Late afternoon on 6th February 2017, I received a call from the KWS Senior Scientist Tsavo Conservation Area (TCA) who asked if Tsavo Trust would assist to collect a rescued Pangolin from Galana Ranch and ascertain its health and status and report on the same.
We collected the Pangolin (Ground Pangolin Smutsia temminckii) from Galana Ranch (Danisa airstrip) by air and returned at sunset to Tsavo Trust HQ. The female adult Pangolin at first glance seemed in good shape, but obviously balled up and petrified due to the traumatic day it had been through.
New born to 5 months
On first arrival and for the first two weeks, the leopard cub needed around the clock care with feedings every 2 - 3 hours of electrolytes and milk as her condition was poor and she was very weak. However, once she gained her strength, her weight began to increase at an astonishing rate and she soon grew out of our bathroom! She went from drinking 100mls of milk per day to a litre and was soon on solids. Since starting a meat diet, she has continued to grow rapidly and is changing everyday.
Safe and acceptable water for human consumption that is available in sufficient quantity, physically accessible and affordable is a crucial prerequisite for human wellbeing. Access to safe water is not only fundamental to good health but also to satisfactory livelihoods, dignity and prospects for economic growth and education. The lack of access to sufficient amounts of safe water leads to human suffering and to loss of human potential, which is ethically indefensible as well as economically wasteful.
Nestling on the border of Tsavo East National Park near Mtito Andei in southern Kenya are the remote villages of Ngiluni and Kamunyu - merged to form Kamungi for ease of reference. Kamungi is Home to approximately 2000 people of the WaKamba tribe. Due to the remoteness of the area, the raging heat and lack of water, this marginalized community is failing to thrive.
Our ultimate goal is to incorporate the services of a clinic, pharmacy, laboratory and health education center into one facility in the village of Ingiluni, which will cater for both Ingiluni and Kamunyu villages combined (around 2000 people). The logistics of establishing a functional health clinic that is equipped and capable of handling the diagnosis and treatment of the most common illnesses affecting the people (i.e. illnesses caused by malnutrition, (i.e. malaria, typhoid fever, bacterial infections) indicate that it will take several months to accomplish our goals. Therefore, we are making this into a 2-step project.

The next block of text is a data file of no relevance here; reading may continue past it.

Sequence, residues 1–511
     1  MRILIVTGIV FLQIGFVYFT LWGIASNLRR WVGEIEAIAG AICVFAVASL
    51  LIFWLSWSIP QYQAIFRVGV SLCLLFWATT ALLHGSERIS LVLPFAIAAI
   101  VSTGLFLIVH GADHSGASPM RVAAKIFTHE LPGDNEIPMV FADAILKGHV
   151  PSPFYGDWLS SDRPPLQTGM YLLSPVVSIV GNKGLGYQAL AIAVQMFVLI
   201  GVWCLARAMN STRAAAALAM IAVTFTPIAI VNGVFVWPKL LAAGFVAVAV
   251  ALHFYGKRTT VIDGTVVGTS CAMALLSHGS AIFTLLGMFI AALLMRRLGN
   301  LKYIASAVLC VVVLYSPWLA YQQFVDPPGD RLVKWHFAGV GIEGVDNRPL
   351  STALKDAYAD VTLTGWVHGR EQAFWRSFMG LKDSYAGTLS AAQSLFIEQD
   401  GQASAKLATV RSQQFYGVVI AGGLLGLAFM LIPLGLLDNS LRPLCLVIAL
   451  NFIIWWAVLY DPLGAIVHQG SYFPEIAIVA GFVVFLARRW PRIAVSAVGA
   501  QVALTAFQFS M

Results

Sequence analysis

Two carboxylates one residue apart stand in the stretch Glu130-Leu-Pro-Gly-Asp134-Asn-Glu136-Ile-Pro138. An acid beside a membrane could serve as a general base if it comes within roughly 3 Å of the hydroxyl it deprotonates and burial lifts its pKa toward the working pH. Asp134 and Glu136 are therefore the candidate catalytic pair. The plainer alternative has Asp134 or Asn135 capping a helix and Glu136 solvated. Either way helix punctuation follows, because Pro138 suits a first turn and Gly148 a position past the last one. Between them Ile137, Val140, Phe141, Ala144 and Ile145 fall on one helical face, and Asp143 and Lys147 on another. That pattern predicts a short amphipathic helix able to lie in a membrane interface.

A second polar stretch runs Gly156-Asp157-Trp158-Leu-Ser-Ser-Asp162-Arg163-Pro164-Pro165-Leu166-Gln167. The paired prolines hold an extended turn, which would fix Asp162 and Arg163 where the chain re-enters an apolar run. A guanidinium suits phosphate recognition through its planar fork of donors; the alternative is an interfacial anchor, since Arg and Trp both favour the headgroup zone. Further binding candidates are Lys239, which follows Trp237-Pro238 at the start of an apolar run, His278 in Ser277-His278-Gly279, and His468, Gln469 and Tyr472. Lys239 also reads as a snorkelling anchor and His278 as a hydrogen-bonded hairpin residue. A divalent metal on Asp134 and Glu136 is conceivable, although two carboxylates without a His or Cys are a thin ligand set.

At the end of 2015 a large group of excited men from Kamungi and Ngiluni villages arrived at Tsavo Trust HQ to undergo a series of initiative, stamina and physical tasks in order to be chosen for the Kenya Wildlife Service (KWS) Community Ranger Training course at the KWS Law Enforcement Academy Manyani.
Joshua had been shopping at his local village, which borders onto the Tsavo Conservation Area. On his way home, he came across an elephant on the path in front of him. He turned away and headed off in the opposite direction, not realizing there was another elephant hidden by the thick bush.
The elephant poaching epidemic sweeping across Africa is causing an outpouring of grief and outrage around the world. Simultaneously, many people are telling us they feel frustrated, because they want to help but do not know how they can make a positive difference.
With great sadness, we report the death of Satao, one of Tsavo’s most iconic and well-loved tuskers. This magnificent elephant was widely known in Tsavo East National Park, where he was observed with awe by many thousands of Tsavo’s visitors over the years. No longer will Tsavo and Kenya benefit from his mighty presence. Satao was shot dead by poisoned arrow on 30th May 2014.